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35 Responses to “The Joy of Needless Baseball Details – NYTimes.com”
I think that's why the impressive/oppressive dichotomy is mentioned in that article. Taken out of context, Counsell's 44 lines of defensive stats could surely seem oppressive (at least to the right...er wrong person). In the context of the site/database as a whole, the completeness is certainly impressive.
Either way, it's pretty cool to see a B-R mention in the NYT.
So who has the most circles?! Why has nobody figured this out yet?! (Extra punctuation necessary!!) It can't just be guys who have played on a lot of teams, but guys who have played on a lot of teams, AND changed numbers, AND (possibly) been on a team for multiple seasons, during which time it changed jerseys!
The Bretts combined for 18 uni numbers
Bells with 25 (all 3 were named David Bell at birth)
Waner's with 14
Alou's with 31
Alomar's with 30
Dimaggio's with 13 (I think Dom was the only player from this entire group of families with just one number)
Boone's with 29
Griffey's with 13
Niekro's with 25 including Lance (Niekro son) (Phil's 11 numbers were all 35)
Perry's with 20
I'm sure i missed other baseball families but these i thought of off the top of my head..
@1 I read that whole article and Baseball Ref comes off looking very good as it should. Stats can be oppressive if allowed to substitute for independent thought. Athletic contests have probability, but are still slaves to chance, and can be greatly influenced through hard work and determination for which there will never be a statistical number attached. I agree with you that the more stats kept the better because at some time they may become valuble. If the Indians would have written some stuff down they might still own large swaths of America, that and being able to forge steel to make rifles and bullets.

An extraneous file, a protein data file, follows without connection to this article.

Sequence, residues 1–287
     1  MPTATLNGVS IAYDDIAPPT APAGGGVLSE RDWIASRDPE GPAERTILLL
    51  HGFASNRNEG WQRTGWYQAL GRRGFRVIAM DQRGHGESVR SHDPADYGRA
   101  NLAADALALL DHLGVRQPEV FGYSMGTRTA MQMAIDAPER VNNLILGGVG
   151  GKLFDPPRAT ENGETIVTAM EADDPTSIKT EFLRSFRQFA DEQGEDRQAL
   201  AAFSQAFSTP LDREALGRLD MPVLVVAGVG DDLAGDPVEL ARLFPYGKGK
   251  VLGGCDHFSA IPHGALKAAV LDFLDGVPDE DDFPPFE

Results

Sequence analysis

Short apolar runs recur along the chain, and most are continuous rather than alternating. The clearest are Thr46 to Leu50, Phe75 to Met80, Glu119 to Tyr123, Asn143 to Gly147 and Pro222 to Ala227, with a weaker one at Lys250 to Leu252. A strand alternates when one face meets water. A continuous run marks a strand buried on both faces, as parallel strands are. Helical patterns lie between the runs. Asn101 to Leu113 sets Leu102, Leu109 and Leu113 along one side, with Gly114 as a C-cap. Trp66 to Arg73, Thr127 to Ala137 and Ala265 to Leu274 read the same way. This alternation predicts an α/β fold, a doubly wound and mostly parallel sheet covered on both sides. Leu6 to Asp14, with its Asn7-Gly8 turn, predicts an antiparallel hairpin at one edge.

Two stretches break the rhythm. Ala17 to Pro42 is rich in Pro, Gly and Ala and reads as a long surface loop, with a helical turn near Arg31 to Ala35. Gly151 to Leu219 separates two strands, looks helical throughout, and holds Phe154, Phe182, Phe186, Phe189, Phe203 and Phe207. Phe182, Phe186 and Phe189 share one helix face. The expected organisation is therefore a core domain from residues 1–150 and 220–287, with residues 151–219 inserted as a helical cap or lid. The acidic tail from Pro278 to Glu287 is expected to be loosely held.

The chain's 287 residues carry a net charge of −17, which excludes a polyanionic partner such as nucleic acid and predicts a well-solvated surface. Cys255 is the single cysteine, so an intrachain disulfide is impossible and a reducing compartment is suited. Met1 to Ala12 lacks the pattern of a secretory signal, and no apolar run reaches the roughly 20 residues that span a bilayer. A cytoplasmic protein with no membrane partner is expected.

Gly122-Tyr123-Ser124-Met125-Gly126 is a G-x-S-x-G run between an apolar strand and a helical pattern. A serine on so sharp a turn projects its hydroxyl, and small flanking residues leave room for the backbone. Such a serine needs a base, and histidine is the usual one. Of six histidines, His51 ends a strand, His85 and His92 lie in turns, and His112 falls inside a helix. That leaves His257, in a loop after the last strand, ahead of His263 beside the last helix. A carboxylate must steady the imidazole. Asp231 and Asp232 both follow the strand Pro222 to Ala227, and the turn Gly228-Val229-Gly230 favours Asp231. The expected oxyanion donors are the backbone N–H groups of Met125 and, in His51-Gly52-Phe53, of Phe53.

I would love to see some sort of "tool" on B-R to be able to search for a specific jersey number.
Example: Who hit the most HR's while wearing number 1?
This is probably not possible, but it sure would be fun to see.
This as a very enjoyable article. I'm such a baseball nerd that I do in fact look at the circles and try to guess what team they are from, some not being quite so obvious. And being a Detroit fan it was awesome to see the Tigers referenced in an article in a NY newspaper.
AustynKC @3: Maybe it is just me, but this article is the exact reason I can spend hours on baseball-reference if I don't pay enough attention to the time.
Dude. It is so not just you.
From the article: Dan Johnson "has also picked up three circles for three uniform numbers in Tampa . . . [—] almost as many circles as doubles (four)."
This fact is not useless. I may not remember Dan Johnson at all if I don’t have this to hang my figurative hat on. As John notes in his post #1, "It's good to have a record of everything that happened, as near as possible. You never know what might be important later on, in some small way." By all means, compile the numbers, and let us stat freaks search them for patterns after the fact.
"If you have ever visited Baseball-Reference.com, you know that it is one of the greatest inventions of human history."
There you have it. Great lead, and the unvarnished truth.
In addition to Musial there are several players who wore one number for 20 or more years with the same team but have more than one circle due to uniform changes. These players include Tony Gwynn, Willie Stargell, Cal Ripken and Robin Yount.
The two players I've been able to find whose longest-worn uniform number equaled their career OPS+ are Fritz Peterson (19 OPS+), who wore 19 with the Yankees from 1967 to 1974 and with the Rangers in 1976, and Billy Pierce (also 19 OPS+), who wore 19 with the White Sox from 1951 to 1961.
Others who wore a uniform number equal to career OPS+ for more than a few games include Herm Wehmeier (#22 with the 1954-56 Phillies), Harry Gumbert (#19 with the 1942-44 Cardinals), Pat Malone (#18 with the 1933-34 Cubs), and Rube Walberg (#15 with the 1934-37 Red Sox).
Also, grab a look at Liván Hernández and Chan Ho Park's player pages. Don't you think all those colored-circle "61s" would make a great wallpaper pattern for a boy's room?
Richard, I just thought it was pretty interesting that Hernández and Park both have worn the same unusual number, uninterruptedly, for so many teams. Why do both players like "61" so much? Why the strong attachment to what we think of as a spring-training number?
"I think I have a list of current active players who have only 1 circle for over a decade.
17 years: Jeter, Rivera
15 years: Todd Helton
11 years: Ichiro, Pujols, Brian Roberts, Michael Cuddyer, Carlos Zambrano"
In these current times where teams change uniform styles more frequently to generate the all important merchandise sale, this also speaks well for these player's organizations.